Trophy Hunting and why it can never be acceptable

”It goes without saying that the import of animal body parts as trophies should be banned outright by the British Government. I'm really shocked that they haven't already done it, in truth, the whole world should do it.” Dr. Brian May, Founder of Save Me Trust.

Trophy hunting is the selective hunting of wild animals for human recreation. For many people, it was thrust into the spotlight by the murder of Cecil the Lion in Zimbabwe in July 2015. 

Cecil was a radio-tagged research lion who was lured from the safety of the Hwange National Park by American Hunter Walter Palmer and his hired henchmen. Having lured Cecil out, Palmer shot him with an arrow before pursuing his fatally injured victim for over 40 hours before finally shooting him dead to decapitate him. Palmer paid $150,000 for Cecil’s black maned head. 

Hunters make bold claims of ‘conserving’ the species and being ‘net economic contributors’ to poor countries whilst providing employment to local people. There are many problems with this, but for us the assumption that the only way that wildlife can survive is if it is given an economic value is completely wrong, these are sentient beings in their native habitat - not commodities.

There is no disputing that trophy hunting is a lucrative business. Hunters are willing to pay lots of money to shoot a wild animal. What the hunter companies don’t tell you is that the animals are bred, often inbred, almost to order. A young cub will be separated from its mother at birth and raised on a 'petting farm’ to be the face of a thousand ‘selfies’, before being moved to a holding pen to mature and finally a larger pen where the paying hunters can choose their victims, just to indulge their perverse pleasure of bringing back a stuffed, mounted trophy of their victim.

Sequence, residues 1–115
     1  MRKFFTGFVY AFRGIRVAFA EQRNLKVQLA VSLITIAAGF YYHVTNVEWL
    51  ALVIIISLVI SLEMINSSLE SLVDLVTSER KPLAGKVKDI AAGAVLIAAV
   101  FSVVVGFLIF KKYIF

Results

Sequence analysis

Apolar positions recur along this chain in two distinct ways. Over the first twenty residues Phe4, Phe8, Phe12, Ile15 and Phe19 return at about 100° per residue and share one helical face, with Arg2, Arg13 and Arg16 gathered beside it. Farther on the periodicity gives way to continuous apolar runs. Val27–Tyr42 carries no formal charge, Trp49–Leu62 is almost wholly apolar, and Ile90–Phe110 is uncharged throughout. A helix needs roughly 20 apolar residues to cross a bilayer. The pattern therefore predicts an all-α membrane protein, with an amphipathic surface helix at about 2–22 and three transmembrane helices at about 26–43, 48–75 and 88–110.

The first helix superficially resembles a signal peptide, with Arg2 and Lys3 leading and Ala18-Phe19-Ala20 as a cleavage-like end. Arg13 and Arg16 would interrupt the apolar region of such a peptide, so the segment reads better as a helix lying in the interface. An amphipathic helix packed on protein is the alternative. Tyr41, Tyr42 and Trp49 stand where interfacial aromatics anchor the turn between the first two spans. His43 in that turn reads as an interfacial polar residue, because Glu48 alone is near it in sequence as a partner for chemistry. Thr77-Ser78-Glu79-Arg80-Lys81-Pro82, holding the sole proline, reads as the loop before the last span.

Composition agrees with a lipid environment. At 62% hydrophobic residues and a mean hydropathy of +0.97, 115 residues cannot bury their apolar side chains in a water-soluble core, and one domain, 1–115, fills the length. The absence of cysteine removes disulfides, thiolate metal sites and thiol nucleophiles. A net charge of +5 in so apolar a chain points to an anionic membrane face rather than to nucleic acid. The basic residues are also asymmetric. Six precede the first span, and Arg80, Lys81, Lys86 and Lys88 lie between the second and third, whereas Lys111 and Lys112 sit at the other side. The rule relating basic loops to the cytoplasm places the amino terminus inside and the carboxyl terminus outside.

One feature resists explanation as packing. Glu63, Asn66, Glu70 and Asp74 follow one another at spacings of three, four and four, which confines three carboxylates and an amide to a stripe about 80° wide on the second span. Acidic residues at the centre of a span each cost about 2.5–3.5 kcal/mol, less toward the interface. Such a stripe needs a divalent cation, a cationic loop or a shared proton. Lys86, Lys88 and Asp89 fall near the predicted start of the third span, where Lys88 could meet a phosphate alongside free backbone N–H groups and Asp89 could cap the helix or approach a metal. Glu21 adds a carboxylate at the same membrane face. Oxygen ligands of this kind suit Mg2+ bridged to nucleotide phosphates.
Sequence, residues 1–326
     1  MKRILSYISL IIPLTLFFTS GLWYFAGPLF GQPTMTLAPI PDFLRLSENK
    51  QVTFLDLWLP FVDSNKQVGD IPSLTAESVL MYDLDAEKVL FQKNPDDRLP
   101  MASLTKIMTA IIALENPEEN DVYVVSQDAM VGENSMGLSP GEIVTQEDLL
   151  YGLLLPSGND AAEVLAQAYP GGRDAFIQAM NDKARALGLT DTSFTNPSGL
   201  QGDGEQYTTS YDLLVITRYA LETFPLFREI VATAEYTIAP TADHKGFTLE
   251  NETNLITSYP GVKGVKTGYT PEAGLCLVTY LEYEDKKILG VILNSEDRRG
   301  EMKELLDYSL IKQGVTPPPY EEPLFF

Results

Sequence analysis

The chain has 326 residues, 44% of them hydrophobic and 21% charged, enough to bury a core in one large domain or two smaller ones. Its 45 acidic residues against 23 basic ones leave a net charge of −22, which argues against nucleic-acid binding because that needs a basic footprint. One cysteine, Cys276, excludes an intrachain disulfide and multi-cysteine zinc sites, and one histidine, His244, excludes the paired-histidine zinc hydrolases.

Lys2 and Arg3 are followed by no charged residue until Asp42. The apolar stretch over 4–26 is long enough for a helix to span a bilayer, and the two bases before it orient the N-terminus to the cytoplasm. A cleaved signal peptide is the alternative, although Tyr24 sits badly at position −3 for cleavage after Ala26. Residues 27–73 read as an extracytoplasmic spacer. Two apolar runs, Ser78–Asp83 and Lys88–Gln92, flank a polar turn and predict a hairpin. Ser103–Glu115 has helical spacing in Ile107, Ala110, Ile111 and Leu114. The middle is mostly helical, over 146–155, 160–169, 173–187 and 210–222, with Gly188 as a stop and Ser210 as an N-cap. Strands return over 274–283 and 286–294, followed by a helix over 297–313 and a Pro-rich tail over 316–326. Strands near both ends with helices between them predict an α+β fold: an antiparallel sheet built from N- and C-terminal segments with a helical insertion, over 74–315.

Strangely, an argument often used by International NGO’s is that whilst they do not approve of hunting, it is the only way wildlife can be saved. Their theory suggests that the pressure from the ever expanding human population, requiring more homes and villages would mean all the wildlife and their habitat would be ‘lost’ to development if the hunters didn’t pay to protect the land. This is the NGO version of the hunter's law. In the UK alone, there are many such NGO’s who receive many millions of pounds every year from the British public to save elephants or rhino’s or lions; we can’t help thinking that if all these experts worked together, surely we could make a real difference to the animals and people in Africa.

One area that could help provide a solution is eco-tourism; the reasons for this are obvious. Whilst hunters may pay large sums, ecotourists are much more numerous. Hunters can only shoot an animal once, but tourists can shoot it thousands of times in the animal's natural life. Tourism is far better for wildlife and human communities than hunting as a net contributor to the economy and the income is sustainable with people coming back every year.

Australia, Canada and France have all banned the import of animal body parts as trophies and the US could join them this year. Save Me Trust have been campaigning for ‘Cecil’s Law’ in the UK to include all CITES Appendix I animals, including elephants, rhinos, lions, leopards and cheetahs.

We believe the time is right for the British government to join the world’s other leading nations by imposing an outright ban on the import of animal trophies into our country, stifling the pseudo-economic claims of the hunting companies and killing the trophy hunting trade dead.